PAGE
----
Around 1960, modern mobility produced increased car traffic on our roads, giving rise to a radical paradigm shift in urban planning. In the light of these developments, Jan Gehl firmly believes that today, more than ever before, we must build cities for people. This issue is of such interest for the architect that he has made “planning for people” the topic of his lecture in Munich, his book Cities for People and indeed the basis of is daily work. He explains why taking people into account is so crucial for the quality of cities today, citing a rethinking process that has already taken place in cities such as Copenhagen, Melbourne, Sydney, New York and Moscow (where Gehl participated in urban planning projects): They follow a people-centred planning approach.
Jan Gehl is an architect, founding partner of Gehl Architects, and former Professor at the Royal Danish Academy of Fine Arts, School of Architecture. Over the course of his career, he has published several books, including Cities for People. He is an honorary fellow of RIBA, AIA, RAIC, and PIA. He has been awarded the Sir Patrick Abercrombie Prize for exemplary contributions to Town Planning by the largest international union of architects (Union Internationale des Architectes, UIA) as well as honorary doctoral degrees from universities in Edinburgh, Halifax and Toronto.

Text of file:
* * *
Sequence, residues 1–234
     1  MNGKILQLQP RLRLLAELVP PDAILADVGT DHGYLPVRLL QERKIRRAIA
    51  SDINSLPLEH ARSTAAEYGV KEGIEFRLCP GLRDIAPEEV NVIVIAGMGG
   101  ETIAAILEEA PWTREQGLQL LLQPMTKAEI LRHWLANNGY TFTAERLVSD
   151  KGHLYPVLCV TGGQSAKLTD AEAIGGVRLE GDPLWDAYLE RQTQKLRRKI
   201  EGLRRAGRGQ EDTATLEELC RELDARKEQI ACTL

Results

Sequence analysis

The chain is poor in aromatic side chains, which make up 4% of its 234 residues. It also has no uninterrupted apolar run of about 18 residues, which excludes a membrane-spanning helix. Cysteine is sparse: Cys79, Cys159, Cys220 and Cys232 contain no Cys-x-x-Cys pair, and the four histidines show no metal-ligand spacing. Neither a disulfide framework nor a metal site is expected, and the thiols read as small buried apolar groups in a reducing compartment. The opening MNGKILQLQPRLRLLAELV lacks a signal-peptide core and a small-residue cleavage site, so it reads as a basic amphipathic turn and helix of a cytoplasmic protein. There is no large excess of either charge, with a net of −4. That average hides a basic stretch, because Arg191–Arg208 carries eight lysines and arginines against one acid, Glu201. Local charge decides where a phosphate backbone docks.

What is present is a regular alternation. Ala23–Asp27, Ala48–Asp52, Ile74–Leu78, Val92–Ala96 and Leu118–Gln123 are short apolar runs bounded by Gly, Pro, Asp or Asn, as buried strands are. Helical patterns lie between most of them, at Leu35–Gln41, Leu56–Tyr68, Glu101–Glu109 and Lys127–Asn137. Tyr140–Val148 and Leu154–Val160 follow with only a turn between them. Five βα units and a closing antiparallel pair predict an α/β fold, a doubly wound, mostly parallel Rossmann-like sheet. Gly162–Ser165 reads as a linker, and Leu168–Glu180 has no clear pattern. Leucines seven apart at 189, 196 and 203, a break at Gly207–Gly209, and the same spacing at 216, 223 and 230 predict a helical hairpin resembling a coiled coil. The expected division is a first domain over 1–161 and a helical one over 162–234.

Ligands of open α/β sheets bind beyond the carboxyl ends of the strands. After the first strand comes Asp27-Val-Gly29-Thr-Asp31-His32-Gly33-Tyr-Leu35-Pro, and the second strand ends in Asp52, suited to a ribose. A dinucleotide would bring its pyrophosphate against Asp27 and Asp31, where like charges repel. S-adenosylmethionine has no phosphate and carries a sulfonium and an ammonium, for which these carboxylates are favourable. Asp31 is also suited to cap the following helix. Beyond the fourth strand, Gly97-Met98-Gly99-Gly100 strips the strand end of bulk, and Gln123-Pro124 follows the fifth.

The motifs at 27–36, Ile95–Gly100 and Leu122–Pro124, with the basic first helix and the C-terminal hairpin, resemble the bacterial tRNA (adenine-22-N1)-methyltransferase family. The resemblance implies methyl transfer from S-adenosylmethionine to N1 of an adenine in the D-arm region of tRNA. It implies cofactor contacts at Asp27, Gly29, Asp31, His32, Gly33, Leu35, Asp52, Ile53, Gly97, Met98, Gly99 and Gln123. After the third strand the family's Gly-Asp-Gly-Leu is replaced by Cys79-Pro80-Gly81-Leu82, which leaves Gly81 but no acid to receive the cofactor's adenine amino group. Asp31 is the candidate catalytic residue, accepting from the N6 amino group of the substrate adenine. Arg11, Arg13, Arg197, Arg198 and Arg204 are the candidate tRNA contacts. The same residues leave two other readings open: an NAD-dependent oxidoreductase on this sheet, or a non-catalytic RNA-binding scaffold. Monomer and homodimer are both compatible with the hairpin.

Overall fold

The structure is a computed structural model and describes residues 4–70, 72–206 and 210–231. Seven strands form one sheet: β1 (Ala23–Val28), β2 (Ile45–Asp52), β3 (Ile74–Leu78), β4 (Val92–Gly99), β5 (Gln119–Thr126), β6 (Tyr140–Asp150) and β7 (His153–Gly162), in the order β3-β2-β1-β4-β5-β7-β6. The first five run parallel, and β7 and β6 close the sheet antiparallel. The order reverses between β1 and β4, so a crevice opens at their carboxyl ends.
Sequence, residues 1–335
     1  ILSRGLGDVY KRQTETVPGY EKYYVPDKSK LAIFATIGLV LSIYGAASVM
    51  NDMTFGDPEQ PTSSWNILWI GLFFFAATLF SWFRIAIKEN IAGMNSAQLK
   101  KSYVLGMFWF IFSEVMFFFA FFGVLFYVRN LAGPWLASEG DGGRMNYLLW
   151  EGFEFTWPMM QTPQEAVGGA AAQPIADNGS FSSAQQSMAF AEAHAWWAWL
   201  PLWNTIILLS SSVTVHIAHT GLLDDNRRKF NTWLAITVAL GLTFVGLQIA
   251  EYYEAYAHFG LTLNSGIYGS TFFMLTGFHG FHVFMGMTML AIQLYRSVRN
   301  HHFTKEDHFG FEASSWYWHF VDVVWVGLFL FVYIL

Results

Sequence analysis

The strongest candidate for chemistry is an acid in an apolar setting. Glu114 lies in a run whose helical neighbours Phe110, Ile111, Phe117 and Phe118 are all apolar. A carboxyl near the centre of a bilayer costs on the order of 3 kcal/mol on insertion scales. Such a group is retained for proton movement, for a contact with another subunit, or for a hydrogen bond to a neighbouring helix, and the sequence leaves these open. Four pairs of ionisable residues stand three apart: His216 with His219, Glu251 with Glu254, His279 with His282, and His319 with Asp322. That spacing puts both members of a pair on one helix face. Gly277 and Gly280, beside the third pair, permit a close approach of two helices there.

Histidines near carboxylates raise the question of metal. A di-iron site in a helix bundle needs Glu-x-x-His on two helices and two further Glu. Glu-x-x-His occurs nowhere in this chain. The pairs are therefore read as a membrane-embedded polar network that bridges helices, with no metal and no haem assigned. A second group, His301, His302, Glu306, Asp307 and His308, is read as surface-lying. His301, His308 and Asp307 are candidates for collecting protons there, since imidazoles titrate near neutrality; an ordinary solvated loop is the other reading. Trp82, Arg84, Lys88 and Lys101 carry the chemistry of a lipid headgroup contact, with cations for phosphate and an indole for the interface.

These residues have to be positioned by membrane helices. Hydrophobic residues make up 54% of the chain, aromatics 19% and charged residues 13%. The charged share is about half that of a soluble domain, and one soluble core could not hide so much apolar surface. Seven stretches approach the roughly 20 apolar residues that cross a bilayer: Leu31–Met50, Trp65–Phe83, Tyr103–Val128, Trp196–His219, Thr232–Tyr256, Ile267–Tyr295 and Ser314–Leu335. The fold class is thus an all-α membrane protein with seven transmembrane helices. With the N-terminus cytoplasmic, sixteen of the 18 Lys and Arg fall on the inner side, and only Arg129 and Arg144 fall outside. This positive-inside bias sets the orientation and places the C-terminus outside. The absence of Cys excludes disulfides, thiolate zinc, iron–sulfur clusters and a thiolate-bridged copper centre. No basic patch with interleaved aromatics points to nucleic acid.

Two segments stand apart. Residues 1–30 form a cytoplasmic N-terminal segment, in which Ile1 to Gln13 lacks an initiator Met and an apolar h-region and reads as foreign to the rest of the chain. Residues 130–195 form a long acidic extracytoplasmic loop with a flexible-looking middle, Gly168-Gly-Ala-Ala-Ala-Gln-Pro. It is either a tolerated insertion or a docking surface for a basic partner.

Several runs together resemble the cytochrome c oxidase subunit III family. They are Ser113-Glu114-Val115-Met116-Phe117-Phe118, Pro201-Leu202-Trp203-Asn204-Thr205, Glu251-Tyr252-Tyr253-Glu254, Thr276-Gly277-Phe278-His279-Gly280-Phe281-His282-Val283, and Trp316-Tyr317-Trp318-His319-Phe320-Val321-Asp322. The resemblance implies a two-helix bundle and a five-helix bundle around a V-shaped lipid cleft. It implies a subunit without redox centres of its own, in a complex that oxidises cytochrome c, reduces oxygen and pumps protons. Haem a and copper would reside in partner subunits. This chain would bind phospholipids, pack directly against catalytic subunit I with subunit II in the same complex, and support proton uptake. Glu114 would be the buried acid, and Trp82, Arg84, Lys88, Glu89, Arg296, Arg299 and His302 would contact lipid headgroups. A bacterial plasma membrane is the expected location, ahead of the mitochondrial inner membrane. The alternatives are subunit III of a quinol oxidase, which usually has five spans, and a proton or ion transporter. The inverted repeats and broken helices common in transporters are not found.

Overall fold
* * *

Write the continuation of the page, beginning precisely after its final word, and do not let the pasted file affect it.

First life, then spaces, then buildings – the other way around never works.